Although there are many hazards that could be potential risks in the food environment in a hospital, there are a few which have the highest risk of occurring and could then cause the most harm to both the service users and service providers. Whilst preparing and cutting vegetables, there is a risk that someone could cut themselves with a sharp knife or cutting equipment. Although the likelihood of this happening could be quite high when there is a lack of training involved, the severity of the injury or damage to health would be quite low considering many injuries that occur this way would be easily seen to and treated by the first aider or the person in charge. However, to prevent this risk occurring at all, all staff should be supplied with the appropriate equipment they should use and training so they are aware of how to handle the equipment in the right manor.
A low level of sanitation in a food environment could cause there to be a wider and much quicker spread of bacteria through the food and surfaces which could prove to be harmful, especially in a hospital environment. Due to health and safety regulations being followed by all caring establishments, the likelihood of this happening would be a 2. However if there weren’t regulations being followed by the hospital and this was to occur then the severity could potentially be a 4/5 as the spread of bacteria in a hospital setting would be made worse when considering the weaker people in the hospital and those whose immune systems wouldn’t be able to fight off bad bacteria as well as other and could get sick or their condition could worsen if they already are sick.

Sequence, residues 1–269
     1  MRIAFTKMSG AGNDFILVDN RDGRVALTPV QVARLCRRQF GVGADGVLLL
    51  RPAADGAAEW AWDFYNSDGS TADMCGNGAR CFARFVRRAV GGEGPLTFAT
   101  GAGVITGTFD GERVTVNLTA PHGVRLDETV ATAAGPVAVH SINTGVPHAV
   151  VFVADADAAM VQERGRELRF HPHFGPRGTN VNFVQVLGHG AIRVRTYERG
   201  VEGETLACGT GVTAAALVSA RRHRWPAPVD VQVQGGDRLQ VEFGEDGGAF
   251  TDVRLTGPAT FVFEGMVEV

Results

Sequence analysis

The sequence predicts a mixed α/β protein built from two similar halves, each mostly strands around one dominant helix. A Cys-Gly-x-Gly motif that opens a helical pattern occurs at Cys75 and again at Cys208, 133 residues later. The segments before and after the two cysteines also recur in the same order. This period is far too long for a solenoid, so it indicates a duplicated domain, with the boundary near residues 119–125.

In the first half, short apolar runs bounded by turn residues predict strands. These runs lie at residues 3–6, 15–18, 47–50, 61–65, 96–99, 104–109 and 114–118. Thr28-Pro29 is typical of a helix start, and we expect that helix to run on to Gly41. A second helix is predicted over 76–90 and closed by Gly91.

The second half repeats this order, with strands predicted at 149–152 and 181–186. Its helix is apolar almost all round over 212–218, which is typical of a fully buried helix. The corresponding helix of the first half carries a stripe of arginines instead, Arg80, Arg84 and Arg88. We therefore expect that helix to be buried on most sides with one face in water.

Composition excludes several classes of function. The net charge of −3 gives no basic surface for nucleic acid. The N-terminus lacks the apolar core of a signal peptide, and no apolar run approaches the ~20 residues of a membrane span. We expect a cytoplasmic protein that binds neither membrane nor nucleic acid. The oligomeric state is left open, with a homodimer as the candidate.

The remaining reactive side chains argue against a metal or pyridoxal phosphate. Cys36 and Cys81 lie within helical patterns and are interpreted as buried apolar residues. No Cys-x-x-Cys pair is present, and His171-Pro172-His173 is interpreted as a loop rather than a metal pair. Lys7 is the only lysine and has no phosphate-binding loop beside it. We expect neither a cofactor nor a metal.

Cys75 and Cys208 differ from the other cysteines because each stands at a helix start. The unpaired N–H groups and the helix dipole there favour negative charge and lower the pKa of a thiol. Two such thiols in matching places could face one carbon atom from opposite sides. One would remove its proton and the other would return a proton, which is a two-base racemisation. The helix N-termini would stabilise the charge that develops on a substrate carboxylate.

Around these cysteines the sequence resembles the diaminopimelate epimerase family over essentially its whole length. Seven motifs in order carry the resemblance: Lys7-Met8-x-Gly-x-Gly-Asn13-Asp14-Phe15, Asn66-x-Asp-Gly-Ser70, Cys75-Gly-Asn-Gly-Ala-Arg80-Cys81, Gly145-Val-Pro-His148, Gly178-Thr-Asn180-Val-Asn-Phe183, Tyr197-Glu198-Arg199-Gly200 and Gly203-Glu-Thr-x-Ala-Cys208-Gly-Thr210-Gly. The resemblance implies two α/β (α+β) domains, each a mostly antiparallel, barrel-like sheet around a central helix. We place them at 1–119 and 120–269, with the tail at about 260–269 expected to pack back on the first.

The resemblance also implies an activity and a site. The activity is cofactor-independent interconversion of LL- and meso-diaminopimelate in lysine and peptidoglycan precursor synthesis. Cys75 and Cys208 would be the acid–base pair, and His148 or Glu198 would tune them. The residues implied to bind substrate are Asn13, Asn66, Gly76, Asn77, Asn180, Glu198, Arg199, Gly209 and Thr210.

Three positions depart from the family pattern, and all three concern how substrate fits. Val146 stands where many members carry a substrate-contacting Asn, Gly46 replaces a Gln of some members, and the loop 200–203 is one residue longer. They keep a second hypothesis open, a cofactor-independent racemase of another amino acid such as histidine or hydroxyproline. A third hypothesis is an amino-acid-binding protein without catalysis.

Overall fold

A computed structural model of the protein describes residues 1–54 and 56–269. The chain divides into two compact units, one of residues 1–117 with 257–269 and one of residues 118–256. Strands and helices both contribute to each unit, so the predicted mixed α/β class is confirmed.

To prevent this all supervisors should ensure legislations, policies and procedures are being followed at all times to ensure maximum sanitation and cleanliness. Due to the wide variety of people consuming the food in the hospital, it would be vital to take into consideration allergies some people may have and to ensure they are not given food that contains or has been made in the same area as the food they are allergic to. Although the likelihood of this happening is just a 3 due to the fact all staff should adhere to procedures and take into consideration peoples allergies anyway, the severity of this if it occurs could be a 4/5 due to the fact allergic reactions could potentially severe and some cases could even lead to death.
To ensure all precautions are taken with these activities and to minimise the risks which could occur from the hazards there are many things that can be done or put into place and thus prevent patients, staff or visitors from harm. Firstly, to prevent somebody cutting themselves while they are preparing food they should be given training before hand to ensure they are aware of how to use the equipment appropriately and make sure they know which piece of equipment is the most appropriate for the type of food they are preparing. Under the Personal Protective Equipment (PPE) policy it states that all employers have duties concerning the provisions and use of PPE at work and should provide safety training to ensure no members of staff come to any harm (hse.gov.uk, 2015).
To prevent the spread of bacteria and ensure the safety of everyone who is to consume the food available, all staff should also be given training on the appropriate ways and places to store food at the right temperatures to ensure the risk of bacteria growth is minimised. Managers of businesses or areas dealing with food have a duty to ensure all food is safe to eat, all harmful or out of date food is removed and unable to be consumed and records should be kept of where the food was bought from to provide evidence if needed. This emphasises the importance of how the Food safety act 1990 should be put into place to ensure the employers and employees stick to their duties to ensure maximum safety for service users.